How do you connect 23 separate buildings that, collectively, make up New York’s American Museum of Natural History (AMNH)? The answer, it turns out, resembles a hybrid of a cave, architecture from Star Wars, and possibly one of Kanye West’s precancellation interior designs. It’s fluid, it’s beautiful, it’s futuristic, and somehow, it’s natural.
The new entrance to the museum, located on Manhattan’s Columbus Avenue, seeks to repair a museum layout that has led to confused and lost museumgoers for far too long.
“The visitor experience was one of getting totally lost and constantly having to backtrack,” Jeanne Gang, founder of firm Studio Gang who led the redesign, told the Art Newspaper. “Of course, it’s not always a bad thing to get lost in a museum, but that was where we had to start, by fixing the flow.”
Gang explained that the museum’s original design from way back in 1877 was modest and precise, mapping out a four-square space around a central tower. But as more rooms and buildings became available, the flow was quickly complicated.
The new interior is a nod to those who gather at Stonehenge in Salisbury Plain in Wiltshire, England, every year during the summer solstice to watch the sun rise between the massive stones.
Gang noted that the goal of the architecture was to blur the line between the man-made and the natural. The central atrium was built utilizing a sprayed concrete solution usually reserved for subway construction, but Gang said it was the perfect finish for making the interior of the atrium feel like a cave.
Amazingly, the process used to create the finish (called shotcrete) was invented by an employee of the museum over 100 years earlier. Carl Akeley—a more well-known taxidermist, biologist, and photographer—invented the material to repair a building in Chicago’s Field Museum. That invention is paying off dividends a century later.
Senior Director of Construction Robert Williams has certainly accomplished a great deal in a short period of time. He has been with the AMNH since only 2019, and in his present role for a year. Williams leads the development and execution of capital and special projects both for the main campus and other assets under the museum’s umbrella.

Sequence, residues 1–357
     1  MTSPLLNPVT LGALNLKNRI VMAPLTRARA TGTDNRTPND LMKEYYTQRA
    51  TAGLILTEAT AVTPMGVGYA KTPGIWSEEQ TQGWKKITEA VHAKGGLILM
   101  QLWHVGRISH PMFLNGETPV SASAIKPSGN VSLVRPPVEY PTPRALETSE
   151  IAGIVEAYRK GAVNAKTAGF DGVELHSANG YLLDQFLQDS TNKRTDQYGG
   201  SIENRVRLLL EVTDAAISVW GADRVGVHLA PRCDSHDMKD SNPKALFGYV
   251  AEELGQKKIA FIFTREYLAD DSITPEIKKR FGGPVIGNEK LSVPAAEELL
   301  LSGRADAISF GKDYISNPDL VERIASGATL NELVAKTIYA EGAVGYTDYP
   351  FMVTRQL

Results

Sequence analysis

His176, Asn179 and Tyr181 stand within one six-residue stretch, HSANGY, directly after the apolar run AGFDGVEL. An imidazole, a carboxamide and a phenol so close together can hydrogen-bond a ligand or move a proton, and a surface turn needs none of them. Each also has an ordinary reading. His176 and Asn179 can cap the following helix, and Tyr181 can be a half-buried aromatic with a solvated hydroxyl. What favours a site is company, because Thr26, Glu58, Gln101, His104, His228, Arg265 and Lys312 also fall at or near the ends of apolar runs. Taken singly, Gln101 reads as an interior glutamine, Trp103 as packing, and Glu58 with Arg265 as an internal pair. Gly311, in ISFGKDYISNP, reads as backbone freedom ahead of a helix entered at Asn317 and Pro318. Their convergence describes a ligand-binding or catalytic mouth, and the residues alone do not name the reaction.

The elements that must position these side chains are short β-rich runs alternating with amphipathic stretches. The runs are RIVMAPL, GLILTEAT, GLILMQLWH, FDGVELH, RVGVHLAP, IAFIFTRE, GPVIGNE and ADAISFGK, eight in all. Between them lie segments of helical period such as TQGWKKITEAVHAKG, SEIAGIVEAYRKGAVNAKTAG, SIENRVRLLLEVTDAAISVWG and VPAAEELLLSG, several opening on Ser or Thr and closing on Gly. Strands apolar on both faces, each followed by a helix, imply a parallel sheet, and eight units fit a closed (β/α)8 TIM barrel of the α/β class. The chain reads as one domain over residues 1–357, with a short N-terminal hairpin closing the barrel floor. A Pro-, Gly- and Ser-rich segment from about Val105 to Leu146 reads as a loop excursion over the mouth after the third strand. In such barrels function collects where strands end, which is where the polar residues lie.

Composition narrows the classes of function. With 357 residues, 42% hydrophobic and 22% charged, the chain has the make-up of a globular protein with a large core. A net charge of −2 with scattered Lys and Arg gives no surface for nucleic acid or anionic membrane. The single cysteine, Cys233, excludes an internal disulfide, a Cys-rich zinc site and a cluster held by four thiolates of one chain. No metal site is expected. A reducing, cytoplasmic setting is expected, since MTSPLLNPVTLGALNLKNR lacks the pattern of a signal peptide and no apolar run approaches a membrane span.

Prior to his work at the museum, Williams worked as a capital project planning and execution consultant, a lighting designer and consultant, and even on behalf of the United States Golf Association.
His expertise is celebrated by those who have had the opportunity to collaborate with him. “Robert is a proven leader—and remarkable partner. He has spearheaded work that has made science, learning, and exploration accessible to countless museum visitors, today and for generations to come,” says Carla Sciara, executive vice president of AECOM Tishman. “At every stage of our projects, Robert’s leadership and guidance has brought the museum—and knowledge—to life in new, meaningful ways.”
The atrium isn’t the only new addition to AMNH. The new 230,000-square-foot Richard Gilder Center for Science, Education, and Innovation—a project that Williams worked on—will feature 4 million scientific specifics including an insectarium (ants, bees, and anything else that creeps or crawls); a vivarium with up to 80 species of butterflies; a library (the largest freestanding natural history library in the western hemisphere); and state-of-the-art classrooms whose photographs appear to be straight out of a Star Trek episode.
The new center also includes an immersive experience entitled “Invisible Worlds” that will cover everything from the human brain to the bottom of the ocean. In this case, “immersive” includes projections on 23-foot-high walls that allow visitors to bounce neurons around the brain or virtually splash ocean water.
The museum debuts its newest addition “in a time when the need for science literacy has never been more urgent,” AMNH President Ellen Futter told Time Out New York.